Mae'r cynnwys hwn ar gael yn Saesneg yn unig.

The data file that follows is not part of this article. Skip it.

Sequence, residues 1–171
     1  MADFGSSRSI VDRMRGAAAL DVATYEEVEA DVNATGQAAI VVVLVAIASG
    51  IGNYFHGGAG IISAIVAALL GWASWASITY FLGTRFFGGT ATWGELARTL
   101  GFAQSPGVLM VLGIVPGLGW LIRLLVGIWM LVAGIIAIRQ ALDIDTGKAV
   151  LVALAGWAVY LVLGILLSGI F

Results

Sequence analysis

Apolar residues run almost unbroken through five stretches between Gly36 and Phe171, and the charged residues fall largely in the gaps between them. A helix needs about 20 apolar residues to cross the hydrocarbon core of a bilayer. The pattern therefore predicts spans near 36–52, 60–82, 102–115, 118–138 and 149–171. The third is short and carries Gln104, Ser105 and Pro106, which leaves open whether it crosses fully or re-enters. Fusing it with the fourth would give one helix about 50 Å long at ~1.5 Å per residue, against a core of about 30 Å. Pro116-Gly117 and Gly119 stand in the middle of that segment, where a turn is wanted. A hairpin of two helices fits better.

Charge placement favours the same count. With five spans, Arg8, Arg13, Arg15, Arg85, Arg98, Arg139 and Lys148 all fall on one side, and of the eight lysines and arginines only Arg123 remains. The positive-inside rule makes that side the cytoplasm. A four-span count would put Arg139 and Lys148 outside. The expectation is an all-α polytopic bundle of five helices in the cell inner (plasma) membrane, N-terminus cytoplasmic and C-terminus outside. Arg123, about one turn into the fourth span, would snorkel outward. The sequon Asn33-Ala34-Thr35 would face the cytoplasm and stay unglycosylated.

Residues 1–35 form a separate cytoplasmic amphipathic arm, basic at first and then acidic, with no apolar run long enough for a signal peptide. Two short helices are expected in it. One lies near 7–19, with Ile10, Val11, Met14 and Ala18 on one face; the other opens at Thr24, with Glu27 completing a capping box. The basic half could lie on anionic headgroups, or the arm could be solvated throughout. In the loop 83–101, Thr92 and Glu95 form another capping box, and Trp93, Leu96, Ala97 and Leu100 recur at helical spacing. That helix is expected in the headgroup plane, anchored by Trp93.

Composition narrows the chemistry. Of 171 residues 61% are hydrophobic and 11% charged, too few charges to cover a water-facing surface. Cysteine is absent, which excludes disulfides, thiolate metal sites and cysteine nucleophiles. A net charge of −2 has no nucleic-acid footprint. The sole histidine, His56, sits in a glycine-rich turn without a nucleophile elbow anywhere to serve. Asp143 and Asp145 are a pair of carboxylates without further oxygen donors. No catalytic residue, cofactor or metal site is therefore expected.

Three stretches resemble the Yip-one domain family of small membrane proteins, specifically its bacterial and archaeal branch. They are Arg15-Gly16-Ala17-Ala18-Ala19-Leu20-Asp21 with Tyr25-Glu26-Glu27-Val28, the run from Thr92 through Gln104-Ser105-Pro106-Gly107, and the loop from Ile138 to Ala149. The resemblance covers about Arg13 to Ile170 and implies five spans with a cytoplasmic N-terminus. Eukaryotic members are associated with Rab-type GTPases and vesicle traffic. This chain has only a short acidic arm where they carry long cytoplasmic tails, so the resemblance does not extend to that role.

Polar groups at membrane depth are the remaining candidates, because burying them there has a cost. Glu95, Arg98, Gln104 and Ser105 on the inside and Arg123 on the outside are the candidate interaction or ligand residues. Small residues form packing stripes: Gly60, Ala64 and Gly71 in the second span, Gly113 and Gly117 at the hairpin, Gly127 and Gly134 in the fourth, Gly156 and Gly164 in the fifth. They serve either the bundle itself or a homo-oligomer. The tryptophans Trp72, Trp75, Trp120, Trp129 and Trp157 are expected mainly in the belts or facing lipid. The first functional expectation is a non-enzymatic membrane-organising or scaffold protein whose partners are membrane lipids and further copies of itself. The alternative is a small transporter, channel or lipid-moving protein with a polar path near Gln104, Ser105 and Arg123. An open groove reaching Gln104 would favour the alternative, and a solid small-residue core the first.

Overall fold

The international trend of state restructuring and the rise of decentralized welfare systems means a key challenge for social research is to systematically explore the breadth of factors shaping the territorialization of third sector welfare delivery at the meso level in federal and union states. We address this lacuna by synthesizing historical-institutionalism and critical realism with Salamon and Anheier’s classic framework on civic infrastructure development to produce an inductive analytical model for wider empirical testing. Its application here to the longitudinal case study data covering Wales shows it to be effective in providing a holistic understanding of the temporal and spatial processes underpinning decentralization. The wider significance of the case study lies in underlining the iterative, reciprocal relationship between governance reforms and territorialization – and showing how territorialization can originate in response to national crises and welfare demand caused by state and market failure in the delivery of public goods.